datastore will change to degraded.

Replacing a Cluster Member

Power off and remove the failed host as well as add a replacement ESXi host to vCenter.

In the Appliances view, right click the member who is offline (failed) and click 'replace appliance'

Select the vSphere Storage Appliance whose status is offline, then select the newly installed ESXi host.

Chose your method of formatting again, click Install and verify.

Changing the VSA Password

Simply click the 'Change Password' link. *** Note *** The username for the cluster is svaadmin and the

default password is svapass.

Reconfigure the VSA Network

1. Put cluster in Reconfigure Network Mode (Pretty easy, select 'Enter Reconfigure Network Mode')

2. Reconfigure vCenter Network Settings.

3. Reconfigure the networking on all the ESXi hosts.

4. Remove all Feature Port Groups from the hosts (VSA-VMotion).

5. Reconnect all ESXi hosts to vCenter Server.

6. Enable the VSA Manager Plug-In.

7. Reconfigure the VSA Network (selecting 'Reconfigure Network')

Monitoring a VSA Cluster

Cluster Information Displayed includes

o Name and status

o IP addresses for members as well as Cluster management IP.

o Capacity of cluster. Physical capacity (total capacity of the all the hard disks across all ESXi

hosts) and Storage Capacity (total capacity of the VSA datastores that you can store VMs on.)

Datastore Information (Name, Status, Capacity, Free, Used, Exported By, Datastore Address, Datastore


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Cluster Member information (Name, Status, Capacity, Management Address, Back-End Address,

Exported Datastores, Hosted Replica, Host).

Graphical Map of Cluster

o Datastore to Replica

o Datastore to vSphere Storage Appliance

o Replica to vSphere Storage Appliance

o vSphere Storage Appliance to host. Determine use case for deploying the SVA

Certainly the VSA is targeted towards the SMB market or those business looking to save money by not purchasing a

full fledged SAN for shared storage. Also, allows companies to re-purpose some old physical servers that might be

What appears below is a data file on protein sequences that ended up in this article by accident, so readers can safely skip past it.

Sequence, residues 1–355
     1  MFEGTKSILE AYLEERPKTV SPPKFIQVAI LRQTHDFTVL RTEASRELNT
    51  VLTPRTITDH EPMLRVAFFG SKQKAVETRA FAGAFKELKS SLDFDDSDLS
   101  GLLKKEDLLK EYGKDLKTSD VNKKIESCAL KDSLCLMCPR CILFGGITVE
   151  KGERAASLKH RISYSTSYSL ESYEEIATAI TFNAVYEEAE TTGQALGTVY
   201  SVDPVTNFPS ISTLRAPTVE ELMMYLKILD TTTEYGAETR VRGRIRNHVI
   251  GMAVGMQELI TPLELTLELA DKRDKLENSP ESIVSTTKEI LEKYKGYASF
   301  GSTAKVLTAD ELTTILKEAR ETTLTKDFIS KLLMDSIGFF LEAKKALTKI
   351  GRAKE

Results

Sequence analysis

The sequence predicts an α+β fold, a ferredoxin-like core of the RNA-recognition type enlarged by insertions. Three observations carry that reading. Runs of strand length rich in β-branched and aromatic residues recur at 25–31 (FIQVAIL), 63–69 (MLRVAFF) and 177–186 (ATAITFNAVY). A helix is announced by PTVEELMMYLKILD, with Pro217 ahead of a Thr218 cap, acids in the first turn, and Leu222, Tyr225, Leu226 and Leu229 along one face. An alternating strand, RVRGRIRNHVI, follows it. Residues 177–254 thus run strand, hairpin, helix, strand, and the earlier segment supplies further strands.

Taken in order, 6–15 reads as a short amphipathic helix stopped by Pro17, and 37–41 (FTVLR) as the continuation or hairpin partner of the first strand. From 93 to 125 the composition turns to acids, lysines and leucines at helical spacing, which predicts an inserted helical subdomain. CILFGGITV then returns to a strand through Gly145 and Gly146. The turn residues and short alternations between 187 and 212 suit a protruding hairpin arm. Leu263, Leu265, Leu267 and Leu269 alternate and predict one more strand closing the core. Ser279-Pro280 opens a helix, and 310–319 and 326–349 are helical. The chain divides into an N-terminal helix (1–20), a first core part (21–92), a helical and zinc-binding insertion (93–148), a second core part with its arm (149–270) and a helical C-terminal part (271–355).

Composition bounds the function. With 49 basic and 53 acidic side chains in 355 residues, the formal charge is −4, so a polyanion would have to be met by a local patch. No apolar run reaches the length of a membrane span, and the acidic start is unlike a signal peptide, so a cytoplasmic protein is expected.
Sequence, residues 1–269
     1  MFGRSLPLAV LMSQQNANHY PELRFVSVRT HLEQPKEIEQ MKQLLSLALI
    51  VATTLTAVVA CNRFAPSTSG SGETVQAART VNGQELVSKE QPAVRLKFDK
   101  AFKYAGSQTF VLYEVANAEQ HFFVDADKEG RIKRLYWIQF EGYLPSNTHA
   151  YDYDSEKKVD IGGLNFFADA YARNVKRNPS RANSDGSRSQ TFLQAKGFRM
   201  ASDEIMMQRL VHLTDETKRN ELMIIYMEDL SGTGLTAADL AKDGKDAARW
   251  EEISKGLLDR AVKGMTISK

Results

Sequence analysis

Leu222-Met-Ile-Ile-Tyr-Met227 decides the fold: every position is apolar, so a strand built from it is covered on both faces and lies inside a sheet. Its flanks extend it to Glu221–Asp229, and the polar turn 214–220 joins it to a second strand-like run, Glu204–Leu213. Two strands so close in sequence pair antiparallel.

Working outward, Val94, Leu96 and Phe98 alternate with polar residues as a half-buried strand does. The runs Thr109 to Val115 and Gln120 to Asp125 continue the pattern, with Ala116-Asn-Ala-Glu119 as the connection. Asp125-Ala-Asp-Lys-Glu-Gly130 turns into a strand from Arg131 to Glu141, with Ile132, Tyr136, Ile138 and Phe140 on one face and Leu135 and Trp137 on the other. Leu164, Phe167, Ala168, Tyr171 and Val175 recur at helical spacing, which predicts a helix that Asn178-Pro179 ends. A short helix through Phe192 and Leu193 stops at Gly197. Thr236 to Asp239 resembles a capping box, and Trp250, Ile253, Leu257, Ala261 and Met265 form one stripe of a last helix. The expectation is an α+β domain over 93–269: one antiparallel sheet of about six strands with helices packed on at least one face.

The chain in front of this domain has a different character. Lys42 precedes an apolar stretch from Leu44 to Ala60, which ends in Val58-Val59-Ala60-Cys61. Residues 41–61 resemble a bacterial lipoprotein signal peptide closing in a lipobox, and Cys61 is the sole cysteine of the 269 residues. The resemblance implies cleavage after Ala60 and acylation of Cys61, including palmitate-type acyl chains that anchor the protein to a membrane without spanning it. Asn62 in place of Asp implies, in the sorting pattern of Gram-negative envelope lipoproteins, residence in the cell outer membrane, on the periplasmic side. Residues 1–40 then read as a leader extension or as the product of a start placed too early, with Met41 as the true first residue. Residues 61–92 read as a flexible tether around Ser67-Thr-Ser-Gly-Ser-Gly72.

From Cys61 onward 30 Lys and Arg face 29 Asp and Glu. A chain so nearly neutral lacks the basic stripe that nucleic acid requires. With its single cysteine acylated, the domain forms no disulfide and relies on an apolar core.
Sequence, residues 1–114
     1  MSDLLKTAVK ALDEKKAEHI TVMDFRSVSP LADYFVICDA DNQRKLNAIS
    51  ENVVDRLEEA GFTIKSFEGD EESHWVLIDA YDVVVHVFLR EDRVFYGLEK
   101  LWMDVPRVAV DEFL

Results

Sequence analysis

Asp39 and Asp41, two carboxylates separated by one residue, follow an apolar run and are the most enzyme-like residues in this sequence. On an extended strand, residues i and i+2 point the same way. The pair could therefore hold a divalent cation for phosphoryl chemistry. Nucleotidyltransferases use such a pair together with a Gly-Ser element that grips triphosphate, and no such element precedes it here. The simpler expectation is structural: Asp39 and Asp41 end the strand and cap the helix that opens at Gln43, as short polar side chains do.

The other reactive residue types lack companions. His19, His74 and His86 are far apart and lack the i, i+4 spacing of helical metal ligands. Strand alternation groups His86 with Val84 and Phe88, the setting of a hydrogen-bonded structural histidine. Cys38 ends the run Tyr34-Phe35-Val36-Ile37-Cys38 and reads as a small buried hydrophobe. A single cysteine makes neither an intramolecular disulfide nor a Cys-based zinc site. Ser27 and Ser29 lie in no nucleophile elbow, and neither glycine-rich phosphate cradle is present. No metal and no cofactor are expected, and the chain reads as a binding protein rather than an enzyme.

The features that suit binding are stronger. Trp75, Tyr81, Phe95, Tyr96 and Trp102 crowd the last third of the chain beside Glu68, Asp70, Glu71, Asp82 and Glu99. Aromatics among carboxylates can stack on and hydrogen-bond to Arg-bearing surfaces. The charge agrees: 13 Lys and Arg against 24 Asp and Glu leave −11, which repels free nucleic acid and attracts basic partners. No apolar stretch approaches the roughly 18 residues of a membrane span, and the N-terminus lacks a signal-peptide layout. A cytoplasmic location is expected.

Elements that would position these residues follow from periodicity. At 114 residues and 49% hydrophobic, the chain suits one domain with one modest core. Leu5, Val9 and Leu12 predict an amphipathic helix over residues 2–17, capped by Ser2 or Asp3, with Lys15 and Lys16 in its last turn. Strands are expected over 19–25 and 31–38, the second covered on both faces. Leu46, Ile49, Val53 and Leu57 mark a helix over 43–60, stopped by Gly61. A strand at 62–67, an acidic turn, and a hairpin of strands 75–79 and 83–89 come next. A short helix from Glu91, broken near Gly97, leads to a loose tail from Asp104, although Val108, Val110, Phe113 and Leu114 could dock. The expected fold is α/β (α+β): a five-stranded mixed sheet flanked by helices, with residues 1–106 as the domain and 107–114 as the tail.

chalked full of drives. Also allows for a savings of space by utilizing your ESXi hosts as your SAN.

Determine appropriate ESXi host resources for the SVA

Host resources will always depend on the environment and the VMs workloads that you are running. Keep in mind

you are limited to 8 drives, 2TB in size, as well as 3 nodes. Also, the memory overcommitment is not supported, so

you may require more physical memory than normal. You need 4 NICs. The host is your san as well as your hypervisor!


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Objective 3.3 – Create and Configure VMFS and NFS Datastores

Identify VMFS and NFS Datastore properties

VMFS Properties

Block Storage

High performance file system format that is optimized for storing virtual machines

Current version is VMFS 5. VMFS 5 is only readable and writable by ESXi 5 hosts, however ESXi 5 hosts

can read and write to datastores with the previous VMFS version (3).

Space can be increased while VMs are running on the datastore.

Designed for concurrent access from multiple physical machines and enforces the appropriate access

controls on VM files.

When a datastore is formatted with VMFS 5, it uses a GUID partition table, which allows datastores be up to

64TB in size.

VMFS provides specific locking mechanisms (on disk locking) that allow multiple hosts to access the VMs

on a shared storage environment.

Contains metadata which includes all mapping information for files on the datastore. This mapping

information or metadata is updated each time you perform either a datastore or virtual machine

management option such as creating or growing a virtual disk, powering a VM on or off, creating a template,


The locking mechanism prevents multiple hosts from concurrently writing or updating the metadata.

There are two types of locking mechanisms. SCSI reservations (locks the entire LUN from other hosts)

which is used with storage devices that do not support hardware acceleration and Atomic Test and SET

(ATS) – (locks per disk sector) for those storage devices that do support hardware acceleration.

NFS Properties

File system will be dictated by the NFS Server.

Shared Storage capabilities supported on a NFS volume include vMotion, VMware DRS and VMware HA,

ISO images, and snapshots.

Maximum size of the NFS datastore depends on the maximum size supported by the NFS Server. ESXi

does not impost any limits on NFS datastore size.

If the NFS server does not offer internationalization support, do not use non-ASCII characters to name your

datastores or VMs as you may experience unpredictable failures Identify VMFS5 capabilities

Config Maximums

Up to 256 VMFS datastores can be attached to a host, with each datastore having a maximum size of 64


Can have up to 32 extents per datastore

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Differences from VMFS 3

Extents can be greater than 2 TB in size

Increased resource limits (file descriptors)

Standardized on a 1 MB block size with support for virtual disk up to 2 TB.

Support of greater than 2 TB when utilizing Physical Mode RDMs

Default use of hardware assisted locking (ATS) on devices that support hardware acceleration.

Ability to reclaim unused space on thin provisioned arrays utilizing VAAI

Online upgrade Create/Rename/Delete/Unmount a VMFS Datastore

Creating a datastore

1. Under the storage section of a hosts configuration tab click 'Add Storage'

2. Select the disk/LUN storage type (either VMFS or NFS) In this case, VMFS.